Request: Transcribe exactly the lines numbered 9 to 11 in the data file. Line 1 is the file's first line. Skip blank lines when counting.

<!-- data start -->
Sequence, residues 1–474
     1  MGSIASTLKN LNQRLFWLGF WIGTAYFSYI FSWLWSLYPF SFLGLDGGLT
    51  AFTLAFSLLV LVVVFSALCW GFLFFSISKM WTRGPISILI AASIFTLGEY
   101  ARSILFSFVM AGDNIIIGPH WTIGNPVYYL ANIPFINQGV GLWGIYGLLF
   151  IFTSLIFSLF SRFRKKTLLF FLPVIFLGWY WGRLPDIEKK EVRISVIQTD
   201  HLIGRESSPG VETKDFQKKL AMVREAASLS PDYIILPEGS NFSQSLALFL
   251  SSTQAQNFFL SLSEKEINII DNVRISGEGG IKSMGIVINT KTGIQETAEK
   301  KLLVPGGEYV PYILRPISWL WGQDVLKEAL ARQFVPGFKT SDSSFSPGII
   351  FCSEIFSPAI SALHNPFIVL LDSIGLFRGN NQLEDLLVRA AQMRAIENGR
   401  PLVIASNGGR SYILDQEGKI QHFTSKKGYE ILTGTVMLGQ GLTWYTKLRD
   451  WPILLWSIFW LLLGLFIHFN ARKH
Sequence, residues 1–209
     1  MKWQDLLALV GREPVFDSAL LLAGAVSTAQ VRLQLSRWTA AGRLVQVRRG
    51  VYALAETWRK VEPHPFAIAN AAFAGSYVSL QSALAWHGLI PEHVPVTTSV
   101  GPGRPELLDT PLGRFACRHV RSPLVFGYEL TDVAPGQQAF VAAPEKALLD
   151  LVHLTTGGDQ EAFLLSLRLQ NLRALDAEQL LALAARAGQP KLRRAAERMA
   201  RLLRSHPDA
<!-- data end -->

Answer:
   351  FCSEIFSPAI SALHNPFIVL LDSIGLFRGN NQLEDLLVRA AQMRAIENGR
   401  PLVIASNGGR SYILDQEGKI QHFTSKKGYE ILTGTVMLGQ GLTWYTKLRD
   451  WPILLWSIFW LLLGLFIHFN ARKH